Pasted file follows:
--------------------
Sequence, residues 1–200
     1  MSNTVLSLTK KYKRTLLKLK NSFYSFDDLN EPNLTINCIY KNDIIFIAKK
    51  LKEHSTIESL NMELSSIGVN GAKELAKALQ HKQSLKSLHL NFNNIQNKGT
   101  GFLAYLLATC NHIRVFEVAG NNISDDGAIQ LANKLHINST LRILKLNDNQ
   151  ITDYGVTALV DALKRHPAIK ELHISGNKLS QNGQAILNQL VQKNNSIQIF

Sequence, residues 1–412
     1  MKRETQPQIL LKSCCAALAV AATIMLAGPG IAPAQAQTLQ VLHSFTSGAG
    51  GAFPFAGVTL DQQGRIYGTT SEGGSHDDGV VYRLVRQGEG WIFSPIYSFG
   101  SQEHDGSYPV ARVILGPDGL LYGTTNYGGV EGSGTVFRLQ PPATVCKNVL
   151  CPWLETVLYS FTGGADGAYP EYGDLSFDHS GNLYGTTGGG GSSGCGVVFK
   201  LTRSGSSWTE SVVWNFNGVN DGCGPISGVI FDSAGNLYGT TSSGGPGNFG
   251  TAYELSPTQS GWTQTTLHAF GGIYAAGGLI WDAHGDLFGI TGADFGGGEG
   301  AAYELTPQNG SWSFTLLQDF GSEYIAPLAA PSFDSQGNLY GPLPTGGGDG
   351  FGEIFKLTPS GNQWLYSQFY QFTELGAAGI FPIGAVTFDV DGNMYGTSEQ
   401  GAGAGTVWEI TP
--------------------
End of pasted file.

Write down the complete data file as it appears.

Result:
Sequence, residues 1–200
     1  MSNTVLSLTK KYKRTLLKLK NSFYSFDDLN EPNLTINCIY KNDIIFIAKK
    51  LKEHSTIESL NMELSSIGVN GAKELAKALQ HKQSLKSLHL NFNNIQNKGT
   101  GFLAYLLATC NHIRVFEVAG NNISDDGAIQ LANKLHINST LRILKLNDNQ
   151  ITDYGVTALV DALKRHPAIK ELHISGNKLS QNGQAILNQL VQKNNSIQIF

Sequence, residues 1–412
     1  MKRETQPQIL LKSCCAALAV AATIMLAGPG IAPAQAQTLQ VLHSFTSGAG
    51  GAFPFAGVTL DQQGRIYGTT SEGGSHDDGV VYRLVRQGEG WIFSPIYSFG
   101  SQEHDGSYPV ARVILGPDGL LYGTTNYGGV EGSGTVFRLQ PPATVCKNVL
   151  CPWLETVLYS FTGGADGAYP EYGDLSFDHS GNLYGTTGGG GSSGCGVVFK
   201  LTRSGSSWTE SVVWNFNGVN DGCGPISGVI FDSAGNLYGT TSSGGPGNFG
   251  TAYELSPTQS GWTQTTLHAF GGIYAAGGLI WDAHGDLFGI TGADFGGGEG
   301  AAYELTPQNG SWSFTLLQDF GSEYIAPLAA PSFDSQGNLY GPLPTGGGDG
   351  FGEIFKLTPS GNQWLYSQFY QFTELGAAGI FPIGAVTFDV DGNMYGTSEQ
   401  GAGAGTVWEI TP